The Poetical Works of George Lord Lyttelton; With Additions to Which Prefixed an Account of His Life

The Poetical Works of George Lord Lyttelton; With Additions to Which Prefixed an Account of His Life

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This historic book may have numerous typos and missing text. Purchasers can download a free scanned copy of the original book (without typos) from the publisher. Not indexed. Not illustrated. 1801 edition. Excerpt: ...constant aim, This makes your happiness, and this your fame. Be never cool reserve with passion join'd; With caution chuse! but then be fondly kind The selfish heart, that but by halves is given, Shall find no place in Love's delightful heaven; Here sweet extremes alone can truly bless: The virtue of a lover is excess. A maid unask'd may own a well-plac'd flame; Not loving First, but loving Wrong, is shame. Contemn the little pride of giving pain, Nor think that conquest justifies disdain. Short is the period of insulting power: Offended Cupid finds his vengeful hour; Soon will resume the empire which he gave, And soon the tyrant shall become the slave. Blest is the maid, and worthy to be blest, Whose soul, entire by him she loves possest, Feels every vanity in fondness lost, And asks no power, but that of pleasing most: Her's is the bliss, in just return, to prove The honest warmth of undissembled love; For her, inconstant man might cease to range, And gratitude forbid desire to change. But, lest harsh care the lover's peace destroy, And roughly blight the tender buds of joy, Let Reason teach what Passion fain would hide, That Hymen's bands by Prudence should be tied, Venus in vain the wedded pair would crown, If angry Fortune on their union frown: Soon will the flattering dream of bliss be o'er, And cloy'd imagination cheat no more. Then, waking to the sense of lasting pain, With mutual tears the nuptial couch they stain; And that fond love, which should afford relief, Does but increase the anguish of their grief: While both could easier their own sorrows bear, Than the sad knowledge of each other's care. Yet may you rather feel that virtuous pain, Than sell your violated charms for gain; Than wed the wretch whom you despise or hate, For more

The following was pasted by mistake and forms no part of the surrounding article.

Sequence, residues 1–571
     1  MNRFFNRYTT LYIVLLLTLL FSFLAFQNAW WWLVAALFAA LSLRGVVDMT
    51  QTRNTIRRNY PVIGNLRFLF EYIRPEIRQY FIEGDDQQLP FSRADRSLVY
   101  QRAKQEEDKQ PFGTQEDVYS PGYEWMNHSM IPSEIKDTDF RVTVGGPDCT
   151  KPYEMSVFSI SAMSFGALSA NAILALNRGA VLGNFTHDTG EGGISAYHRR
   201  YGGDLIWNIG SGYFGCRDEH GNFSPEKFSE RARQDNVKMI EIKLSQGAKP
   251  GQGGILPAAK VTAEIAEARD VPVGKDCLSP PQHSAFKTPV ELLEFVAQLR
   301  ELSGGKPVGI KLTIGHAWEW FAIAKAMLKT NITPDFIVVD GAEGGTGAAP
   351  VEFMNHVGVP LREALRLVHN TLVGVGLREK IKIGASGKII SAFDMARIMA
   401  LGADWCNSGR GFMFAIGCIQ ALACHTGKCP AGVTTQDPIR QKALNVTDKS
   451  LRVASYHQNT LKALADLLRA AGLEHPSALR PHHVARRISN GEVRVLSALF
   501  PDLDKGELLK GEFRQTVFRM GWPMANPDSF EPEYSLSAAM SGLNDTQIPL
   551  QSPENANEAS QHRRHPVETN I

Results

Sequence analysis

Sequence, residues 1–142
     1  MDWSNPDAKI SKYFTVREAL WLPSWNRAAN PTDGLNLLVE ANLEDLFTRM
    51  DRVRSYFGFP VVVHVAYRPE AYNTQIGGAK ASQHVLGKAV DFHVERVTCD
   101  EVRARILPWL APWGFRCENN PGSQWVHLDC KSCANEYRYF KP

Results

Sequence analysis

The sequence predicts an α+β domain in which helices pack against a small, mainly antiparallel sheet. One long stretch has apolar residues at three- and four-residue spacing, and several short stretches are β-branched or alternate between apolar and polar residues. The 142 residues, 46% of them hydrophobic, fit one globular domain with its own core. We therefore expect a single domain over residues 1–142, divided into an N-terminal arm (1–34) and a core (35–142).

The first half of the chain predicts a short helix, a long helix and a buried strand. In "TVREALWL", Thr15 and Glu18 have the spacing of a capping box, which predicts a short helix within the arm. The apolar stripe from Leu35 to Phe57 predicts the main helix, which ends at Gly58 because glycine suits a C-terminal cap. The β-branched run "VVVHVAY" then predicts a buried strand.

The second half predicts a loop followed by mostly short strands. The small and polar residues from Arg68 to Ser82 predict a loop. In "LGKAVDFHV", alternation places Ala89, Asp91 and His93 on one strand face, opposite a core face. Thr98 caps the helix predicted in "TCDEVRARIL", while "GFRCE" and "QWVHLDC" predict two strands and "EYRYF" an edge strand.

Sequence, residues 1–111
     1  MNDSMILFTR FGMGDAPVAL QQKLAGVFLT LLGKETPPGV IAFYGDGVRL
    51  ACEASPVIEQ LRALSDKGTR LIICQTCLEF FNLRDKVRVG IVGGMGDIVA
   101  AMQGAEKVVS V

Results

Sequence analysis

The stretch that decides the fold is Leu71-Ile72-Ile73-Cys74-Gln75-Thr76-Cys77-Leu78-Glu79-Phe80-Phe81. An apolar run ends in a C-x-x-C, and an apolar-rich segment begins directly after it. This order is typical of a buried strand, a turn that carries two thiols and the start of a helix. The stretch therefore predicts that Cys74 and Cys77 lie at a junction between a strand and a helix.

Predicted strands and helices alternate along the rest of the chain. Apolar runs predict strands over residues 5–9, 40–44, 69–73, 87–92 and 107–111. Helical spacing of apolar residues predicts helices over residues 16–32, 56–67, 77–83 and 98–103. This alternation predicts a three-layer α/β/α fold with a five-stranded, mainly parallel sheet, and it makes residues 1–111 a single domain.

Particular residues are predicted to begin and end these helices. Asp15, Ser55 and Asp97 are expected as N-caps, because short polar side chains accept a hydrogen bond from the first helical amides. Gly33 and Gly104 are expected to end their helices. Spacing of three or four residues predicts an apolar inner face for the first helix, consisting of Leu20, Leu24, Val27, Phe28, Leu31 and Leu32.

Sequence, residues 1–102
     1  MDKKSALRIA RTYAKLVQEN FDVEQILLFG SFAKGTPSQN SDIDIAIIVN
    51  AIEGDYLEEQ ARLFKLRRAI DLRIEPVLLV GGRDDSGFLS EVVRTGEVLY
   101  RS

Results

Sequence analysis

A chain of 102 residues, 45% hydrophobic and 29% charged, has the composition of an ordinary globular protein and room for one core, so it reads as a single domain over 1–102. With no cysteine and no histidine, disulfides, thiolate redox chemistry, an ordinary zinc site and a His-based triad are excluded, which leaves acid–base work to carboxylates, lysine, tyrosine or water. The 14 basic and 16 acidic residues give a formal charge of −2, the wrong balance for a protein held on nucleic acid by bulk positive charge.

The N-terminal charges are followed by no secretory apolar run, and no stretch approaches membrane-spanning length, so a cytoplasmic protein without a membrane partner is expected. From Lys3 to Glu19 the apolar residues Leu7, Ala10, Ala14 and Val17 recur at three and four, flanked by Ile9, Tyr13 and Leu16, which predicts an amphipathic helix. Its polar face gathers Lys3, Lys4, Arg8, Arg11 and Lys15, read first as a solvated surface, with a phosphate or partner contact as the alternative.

Product details

  • Paperback | 28 pages
  • 189 x 246 x 2mm | 68g
  • Miami Fl, United States
  • English
  • black & white illustrations
  • 1236502833
  • 9781236502834